Paul’s audience, unlike the earlier Apostles, is pagan, not Jewish. Paul’s pagan, ‘god-congested environment’ (as Fredriksen writes) means that he has to deal with these ancestral, local gods - as John Chrysostom suggests. After all, we come across these gods within the Old Testament Scriptures, giving ‘thanks to the God of gods.’ (Ps 136:2) These ‘gods’ may be dependent on the Creator, however if they have some limited form of power as errant angels, it would explain why Saint Paul warns us of taking part in meals offered in their name; as they are demonic. (1 Cor 10:20-21) Even though Paul’s gentile followers will have retained their native ethnicities, they no longer worshipped their native gods. We are told that ‘all the nations will turn (επιστρέψουσιν) in fear of the Lord God.. and bury their idols.’ (Tob 15:6)
John Chrysostom gives us a concise exegetical comment, regarding the importance of the Eucharistic meal as the ‘cup of blessing.. a participation in the blood of Christ.’ For Chrysostom, this is a statement of faith and awe; the fact that the Eucharist is this indescribable gift (2 Cor 9:15) sharing in Christ, praising Him and partaking of Him. The Lord gives us this gift, for us to participate together in His loving communion, putting aside the former dead flesh (Eph 2:1; Col 2:13). On the contrary, participating in the celebrations consisting of sacrificed food would be to turn back on ourselves, falling into the animalistic ways of the flesh. Clement of Alexandria notes that Paul is not saying we should abstain due to fear, but rather for the sake of our consciences. This suggests that the Eucharist cleans the human being and his holy conscience (1 Cor 10:28-29), whereas the sacrificial celebration defiles it. Feeding on Christ, at His ‘feast of love’ (as it was known) fills man with divine contemplation, ensures spiritual growth, stability and purity as opposed to feasting on sacrificed earthly creatures, connected to gluttony, bodily pleasures and satisfaction.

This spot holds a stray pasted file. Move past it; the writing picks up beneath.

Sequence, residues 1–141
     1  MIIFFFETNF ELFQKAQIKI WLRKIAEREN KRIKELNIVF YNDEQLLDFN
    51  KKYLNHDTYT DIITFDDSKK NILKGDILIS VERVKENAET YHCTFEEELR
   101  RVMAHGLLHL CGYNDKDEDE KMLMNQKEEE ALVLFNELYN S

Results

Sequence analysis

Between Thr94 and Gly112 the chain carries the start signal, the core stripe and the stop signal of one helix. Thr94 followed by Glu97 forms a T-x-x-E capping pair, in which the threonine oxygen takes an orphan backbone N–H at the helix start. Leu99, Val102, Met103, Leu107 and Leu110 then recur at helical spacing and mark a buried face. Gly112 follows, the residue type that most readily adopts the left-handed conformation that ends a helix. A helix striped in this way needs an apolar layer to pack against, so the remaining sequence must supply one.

To conclude, following the historical descriptions of the Eucharistic and sacrificial meals, the essay has discussed ways in which we can compare and contrast them in Paul’s letter to the Corinthians - using the writings and arguments of Saint John Chrysostom, Paula Fredriksen, Daniel Ullucci and other patristic and modern scholars.
Calivas A 1988, The Sacrament of the Economy of Salvation in ‘One Loaf, One Cup - Ecumenical Studies of 1 Cor and Other Eucharistic Texts, Cambridge: Mercer.
Cameron R 2011, Redescribing Paul and the Corinthians, Atlanta: SBL.
Chrysostom J 1956, Homilies on First Corinthians - Homily XX, Michigan: Eerdmans.
Dimock G,The Eucharist: Sacrament and Sacrifice (Online).
Fredriksen P, The Question of Worship: Gods, Pagans and the Redemption of Israel (Online).
The Church’s Bible 2005, Cambridge: Eerdmans.
Ullucci D 2012, The Christian Rejection of Animal Sacrifice (Published to Oxford Scholarship Online)